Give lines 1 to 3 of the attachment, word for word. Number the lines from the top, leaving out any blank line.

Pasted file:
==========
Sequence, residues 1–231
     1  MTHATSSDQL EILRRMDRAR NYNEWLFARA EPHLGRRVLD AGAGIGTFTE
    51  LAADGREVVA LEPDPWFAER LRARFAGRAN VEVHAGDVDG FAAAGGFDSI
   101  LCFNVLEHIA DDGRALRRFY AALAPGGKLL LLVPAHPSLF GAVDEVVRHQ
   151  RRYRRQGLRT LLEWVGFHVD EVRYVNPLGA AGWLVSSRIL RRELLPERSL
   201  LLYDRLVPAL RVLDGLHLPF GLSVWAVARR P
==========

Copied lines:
Sequence, residues 1–231
     1  MTHATSSDQL EILRRMDRAR NYNEWLFARA EPHLGRRVLD AGAGIGTFTE
    51  LAADGREVVA LEPDPWFAER LRARFAGRAN VEVHAGDVDG FAAAGGFDSI